I’ve made a couple of passing comments about mum being in hospital, but haven’t gone into details, until now. Mum was quite a private person, and didn’t like a fuss being made about her.
Unfortunately, she died in the early hours of Friday morning. We are now telling friends and relatives more about what happened, so I thought it appropriate to post here, for those of you in the filk community who had met her at conventions, and knew her.
At the beginning of June, I took mum to Weymouth for a holiday, we were staying in Rupert, a converted stables cottage we had stayed in before and liked.
Although I had two weeks holiday booked from work, we had only booked Rupert for a week, as we didn’t know if mum would have the stamina for two weeks in Dorset. As it happens, she did fine, and we walked quite a bit. At the end of the first week, she said she wanted to stay on. As Rupert was fully booked, we found another little cottage which, while not as luxurious as Rupert, was pretty good too.
On the last couple of days of the holiday, mum said she was having trouble concentrating on reading her newpaper. We didn’t think much of it, putting it down to either tiredness or the lighting in the cottage. On the trip back home, we stopped for a cuppa, and mum was sitting there reading her paper with no problem.
We got back to mum’s home in Chingford and unpacked the car. I was going to stay for a day or so, before coming home, so we had a cake and a cup of tea. Mum said she was going upstairs to go on the computer to check her bank account.
When she called to me for help, I thought it was to do with a computer-related problem. However, mum had got stuck with answering a bank security question – her date of birth. We also quickly found that mum could now only understand 3 out of 4 words of her paper, and was having problems finding the odd word when speaking.
Suspecting a stroke, we took her to the local Accident and Emergency, where she was quickly admitted. However, it was not a stroke. We were eventually told she had a brain lesion. She was given high doses of steroids to reduce inflamation, and her symptoms improved greatly, being able to read and remember stuff again.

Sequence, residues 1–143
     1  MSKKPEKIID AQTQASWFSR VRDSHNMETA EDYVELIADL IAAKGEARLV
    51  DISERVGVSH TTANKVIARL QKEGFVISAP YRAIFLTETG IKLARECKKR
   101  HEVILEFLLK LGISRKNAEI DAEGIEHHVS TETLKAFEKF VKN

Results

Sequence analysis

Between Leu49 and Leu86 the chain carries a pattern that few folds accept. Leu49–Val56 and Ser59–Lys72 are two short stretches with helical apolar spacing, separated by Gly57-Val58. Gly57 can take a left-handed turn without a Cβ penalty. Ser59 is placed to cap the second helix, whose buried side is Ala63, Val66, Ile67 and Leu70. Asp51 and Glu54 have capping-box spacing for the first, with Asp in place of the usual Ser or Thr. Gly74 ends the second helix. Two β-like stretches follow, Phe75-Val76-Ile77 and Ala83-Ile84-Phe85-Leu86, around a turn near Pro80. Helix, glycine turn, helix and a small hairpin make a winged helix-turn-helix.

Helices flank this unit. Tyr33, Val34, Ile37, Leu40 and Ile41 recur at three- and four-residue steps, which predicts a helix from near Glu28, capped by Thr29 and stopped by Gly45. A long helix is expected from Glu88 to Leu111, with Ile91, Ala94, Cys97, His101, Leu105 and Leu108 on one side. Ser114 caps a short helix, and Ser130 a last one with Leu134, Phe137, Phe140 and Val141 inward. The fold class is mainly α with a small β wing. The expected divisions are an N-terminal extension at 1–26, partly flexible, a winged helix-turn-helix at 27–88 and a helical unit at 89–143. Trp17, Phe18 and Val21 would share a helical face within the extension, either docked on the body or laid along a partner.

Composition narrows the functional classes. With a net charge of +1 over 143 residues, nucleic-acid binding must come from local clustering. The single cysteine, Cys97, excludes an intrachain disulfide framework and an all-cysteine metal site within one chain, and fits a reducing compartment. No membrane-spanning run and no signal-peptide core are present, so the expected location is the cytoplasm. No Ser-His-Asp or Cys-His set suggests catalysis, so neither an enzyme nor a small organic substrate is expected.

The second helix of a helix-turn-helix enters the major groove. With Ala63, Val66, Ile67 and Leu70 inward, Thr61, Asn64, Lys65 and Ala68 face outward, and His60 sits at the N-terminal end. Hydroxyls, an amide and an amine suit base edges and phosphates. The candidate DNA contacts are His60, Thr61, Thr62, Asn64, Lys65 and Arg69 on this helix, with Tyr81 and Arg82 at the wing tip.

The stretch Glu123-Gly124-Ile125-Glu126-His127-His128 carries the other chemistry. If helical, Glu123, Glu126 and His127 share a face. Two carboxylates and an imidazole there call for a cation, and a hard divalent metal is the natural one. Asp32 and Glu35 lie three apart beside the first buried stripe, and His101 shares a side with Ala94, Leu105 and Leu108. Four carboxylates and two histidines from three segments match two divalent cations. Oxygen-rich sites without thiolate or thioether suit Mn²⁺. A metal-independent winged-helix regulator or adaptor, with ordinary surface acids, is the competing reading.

Mum was in Whipps Cross for a week, but they wanted to get her into the National Hospital for Neurology and Neurosurgery. While waiting for a bed, mum’s condition was stable, so she was allowed home, just in time to watch the second week of Wimbledon on TV, which pleased her greatly.
Admitted to NHNN, the proposed brain biopsy was delayed due to other things that cropped up with mum’s health. However, the procedure was eventually carried out, without problem. Later we would be told that mum had suffered a lymphoma of the brain, which would have required radiotherapy and chemotherapy, but was – to quote a consultant – “quite treatable”.
Unfortunately, while waiting for transfer to University College London Hospital, where her ongoing treatment would be, mum contracted a chest infection, which turned into pneumonia. Over a period of a couple of weeks, we watched mum’s readings fall and rise. At a couple of points we had hope of her recovery, but on Thursday night we were called to her bedside. Steve and I stayed with her all night, but it was clear that she would not recover. In the early hours of Friday morning, after discussions with her medical team, we decided she had gone through enough, and said goodbye.
Her service is to be held the week after next, and I am going to be staying in London for much of the time until then. Her house is also my childhood home, so it doesn’t seem that strange to be here. I remind myself that we did have that excellent two weeks in Weymouth together, which she thoroughly enjoyed.
Joy Anne Malme